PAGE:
Children suffering from heart-breaking effects of food poverty in Britain
In Britain, food poverty is a growing problem that has heartbreaking effects on children. More and more families are struggling to put food on the table, and children are hungry. This problem is especially prevalent in low-income households and areas of high unemployment. The government is doing little to address the issue, and charities are struggling to keep up with the demand for food assistance.
According to a scientific study presented at the British Nutrition Foundation conference in London, children in impoverished households suffer chronic malnutrition.
Delegates heard case studies of youngsters who shared the hardship of maintaining a healthy lifestyle when their parents are forced to choose between heating and eating.
Variables such as too much access to cheap food outlets and insufficient access to free school meals play a significant role in contributing to diet inequality, which was the topic of today’s conference. Professor Corinna Hawkes, Director of the Centre for Food Policy at the University of London, described the issue as “critical and topical” during her opening speech.
The latest government data shows more than four million children are living in poverty across the UK due to austerity, the pandemic and now the ongoing and spiralling cost of living crisis.
Insufficient access to nutritious food is a key part of defining poverty or food insecurity, with children being some of the worst affected.
A study by Professor Julie Brannen and Professor Rebecca O’Connell found that half of the parents living in low-income households sheltered their children from food insecurity by limiting their food intake or skipping meals.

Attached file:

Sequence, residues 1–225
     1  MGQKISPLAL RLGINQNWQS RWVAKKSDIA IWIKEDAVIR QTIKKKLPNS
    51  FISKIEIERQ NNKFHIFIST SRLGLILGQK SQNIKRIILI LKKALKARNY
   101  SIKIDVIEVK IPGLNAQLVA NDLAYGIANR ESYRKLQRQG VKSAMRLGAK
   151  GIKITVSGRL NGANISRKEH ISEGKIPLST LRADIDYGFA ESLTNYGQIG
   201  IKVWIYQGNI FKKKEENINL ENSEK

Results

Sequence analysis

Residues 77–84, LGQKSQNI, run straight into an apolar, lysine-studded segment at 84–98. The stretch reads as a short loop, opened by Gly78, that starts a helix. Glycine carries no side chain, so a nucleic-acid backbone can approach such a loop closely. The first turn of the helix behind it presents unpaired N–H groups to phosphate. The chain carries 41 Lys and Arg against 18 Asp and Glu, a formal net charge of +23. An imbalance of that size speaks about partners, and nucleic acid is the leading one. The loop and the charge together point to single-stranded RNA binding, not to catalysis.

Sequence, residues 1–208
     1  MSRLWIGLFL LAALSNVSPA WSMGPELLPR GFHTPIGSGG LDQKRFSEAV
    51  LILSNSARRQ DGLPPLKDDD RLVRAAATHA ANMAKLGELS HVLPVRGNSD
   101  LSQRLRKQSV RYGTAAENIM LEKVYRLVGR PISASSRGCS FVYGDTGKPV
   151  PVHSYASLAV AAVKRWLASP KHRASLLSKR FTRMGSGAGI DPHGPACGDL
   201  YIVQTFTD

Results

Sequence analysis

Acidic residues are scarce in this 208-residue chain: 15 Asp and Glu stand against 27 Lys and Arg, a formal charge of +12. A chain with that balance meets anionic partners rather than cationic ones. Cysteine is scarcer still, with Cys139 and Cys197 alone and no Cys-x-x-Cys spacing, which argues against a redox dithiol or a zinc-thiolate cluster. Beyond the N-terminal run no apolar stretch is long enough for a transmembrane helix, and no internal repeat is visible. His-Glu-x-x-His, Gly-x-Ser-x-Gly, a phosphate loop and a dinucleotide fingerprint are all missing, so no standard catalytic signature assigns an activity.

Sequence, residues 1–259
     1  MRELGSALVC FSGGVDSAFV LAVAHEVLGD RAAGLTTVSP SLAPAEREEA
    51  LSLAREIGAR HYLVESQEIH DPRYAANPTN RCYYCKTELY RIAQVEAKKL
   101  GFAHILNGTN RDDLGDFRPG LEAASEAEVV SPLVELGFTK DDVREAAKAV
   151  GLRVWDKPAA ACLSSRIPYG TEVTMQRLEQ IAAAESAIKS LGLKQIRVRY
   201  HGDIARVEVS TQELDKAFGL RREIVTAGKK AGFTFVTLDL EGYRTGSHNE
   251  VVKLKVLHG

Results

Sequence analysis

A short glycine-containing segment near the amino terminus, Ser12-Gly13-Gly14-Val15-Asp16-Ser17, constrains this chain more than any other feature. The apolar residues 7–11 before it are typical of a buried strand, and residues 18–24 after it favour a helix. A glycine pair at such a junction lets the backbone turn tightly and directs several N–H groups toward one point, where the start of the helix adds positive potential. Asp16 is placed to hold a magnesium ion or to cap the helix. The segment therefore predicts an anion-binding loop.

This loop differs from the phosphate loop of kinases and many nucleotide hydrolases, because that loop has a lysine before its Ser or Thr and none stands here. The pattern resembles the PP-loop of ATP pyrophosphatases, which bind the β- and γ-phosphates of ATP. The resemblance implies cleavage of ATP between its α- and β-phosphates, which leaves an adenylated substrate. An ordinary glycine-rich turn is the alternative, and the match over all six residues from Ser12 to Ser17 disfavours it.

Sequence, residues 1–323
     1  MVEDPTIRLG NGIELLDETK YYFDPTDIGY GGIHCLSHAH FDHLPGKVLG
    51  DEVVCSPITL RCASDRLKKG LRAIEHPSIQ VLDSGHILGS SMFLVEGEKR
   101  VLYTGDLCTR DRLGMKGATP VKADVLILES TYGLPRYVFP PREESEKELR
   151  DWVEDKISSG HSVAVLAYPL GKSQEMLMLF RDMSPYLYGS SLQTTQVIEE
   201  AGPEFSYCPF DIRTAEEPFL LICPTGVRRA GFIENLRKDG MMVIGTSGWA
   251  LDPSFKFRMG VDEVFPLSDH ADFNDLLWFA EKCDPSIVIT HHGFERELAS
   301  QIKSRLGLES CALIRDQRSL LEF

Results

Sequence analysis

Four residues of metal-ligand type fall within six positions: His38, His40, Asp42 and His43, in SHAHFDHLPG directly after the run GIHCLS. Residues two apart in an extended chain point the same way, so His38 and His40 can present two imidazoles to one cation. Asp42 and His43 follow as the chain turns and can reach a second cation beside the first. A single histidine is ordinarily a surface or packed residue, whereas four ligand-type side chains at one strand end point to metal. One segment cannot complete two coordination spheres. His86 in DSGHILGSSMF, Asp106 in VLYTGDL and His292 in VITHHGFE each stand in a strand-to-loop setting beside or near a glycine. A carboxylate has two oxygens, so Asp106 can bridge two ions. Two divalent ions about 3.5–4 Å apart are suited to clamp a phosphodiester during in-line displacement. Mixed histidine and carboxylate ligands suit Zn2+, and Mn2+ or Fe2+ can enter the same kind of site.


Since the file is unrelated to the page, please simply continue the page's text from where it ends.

While three-quarters of mums said they bought or prepared meals that were ‘filling rather than nutritious’ by bulking out meals with cost-effective carbohydrates like pasta or rice.
But the dependency on high sugar, high fat, convenient food only exacerbates the problem of diet inequality with young people and children not developing tastes for ‘good or nutritious’ foods, it was heard.
In a poignant statement by Prof Brannen, a boy called Jimmy said: “sometimes I go to bed hungry. I just started to grow, and when I started to grow, I think my belly started to grow too”.
That is why the importance of eating at school must not be overlooked, as several nutrition experts, including Katie Palmer, Programme Manager for Food Sense Wales, explained today.
Despite all children in Brannen and O’Connell’s study coming from low-income households, only half were entitled to free school meals. Many of these children said the allowances were insufficient to fill them up and that they felt embarrassed by the smaller portions they may receive compared to their classmates who paid.
Those discrepancies brought about feelings of shame and embarrassment in children living on lower incomes, with some saying they felt singled out by staff and lunchtime supervisors.
The effects of living hand to mouth stretch beyond its health implications, with the social ramifications, rarely discussed. Professor Hawkes, the host of today’s British Nutrition Foundation Annual Day, said: “Food is about so much more than nutrition. It is hugely symbolic and plays a major role in people’s lives.”
During the conference, members also heard several calls to action for major supermarkets to take responsibility for their role in helping reduce food inequality. Nikita Sinclair, Portfolio Manager at Impact on Urban Health, said: “If we want our children to be healthy, thrive and grow up to give back to society, we must fix our food system.”
Last week, Which? launched its Priority Places for Food Index, which looks at the nation’s access to supermarkets, online grocers, food support and barriers. Sue Davies, MBE, Head of Consumer Rights and Food Policy at Which? said research has shown an “incredibly depressing picture of people struggling.” The tool is accessible to all and has “huge potential to identify where the people who need the most support are and why.”
Furthering the discussion around the significance of Free School Meals in a struggling climate, attendees also heard about several other schemes across the UK that strive to ensure children have access to healthy food all year round. Sara Stanner, Science Director of the British Nutrition Foundation, said: “We recognise the need for all children to have access to healthier food in schools, alongside the provision of good food and nutrition education, which we support through our Food-a fact of life education programme”.